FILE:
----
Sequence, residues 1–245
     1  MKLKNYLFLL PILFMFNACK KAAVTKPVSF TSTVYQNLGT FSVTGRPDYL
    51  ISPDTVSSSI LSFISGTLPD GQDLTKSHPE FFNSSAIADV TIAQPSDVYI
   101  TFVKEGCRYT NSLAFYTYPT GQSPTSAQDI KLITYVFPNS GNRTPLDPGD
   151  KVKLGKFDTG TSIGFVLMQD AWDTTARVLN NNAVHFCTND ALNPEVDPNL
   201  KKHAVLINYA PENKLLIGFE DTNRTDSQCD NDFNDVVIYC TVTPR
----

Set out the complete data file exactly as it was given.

Sequence, residues 1–245
     1  MKLKNYLFLL PILFMFNACK KAAVTKPVSF TSTVYQNLGT FSVTGRPDYL
    51  ISPDTVSSSI LSFISGTLPD GQDLTKSHPE FFNSSAIADV TIAQPSDVYI
   101  TFVKEGCRYT NSLAFYTYPT GQSPTSAQDI KLITYVFPNS GNRTPLDPGD
   151  KVKLGKFDTG TSIGFVLMQD AWDTTARVLN NNAVHFCTND ALNPEVDPNL
   201  KKHAVLINYA PENKLLIGFE DTNRTDSQCD NDFNDVVIYC TVTPR